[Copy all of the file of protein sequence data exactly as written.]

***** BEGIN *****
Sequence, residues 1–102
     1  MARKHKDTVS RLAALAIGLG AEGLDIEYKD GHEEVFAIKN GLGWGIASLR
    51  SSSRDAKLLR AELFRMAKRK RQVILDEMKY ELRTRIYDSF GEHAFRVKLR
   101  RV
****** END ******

Sequence, residues 1–102
     1  MARKHKDTVS RLAALAIGLG AEGLDIEYKD GHEEVFAIKN GLGWGIASLR
    51  SSSRDAKLLR AELFRMAKRK RQVILDEMKY ELRTRIYDSF GEHAFRVKLR
   101  RV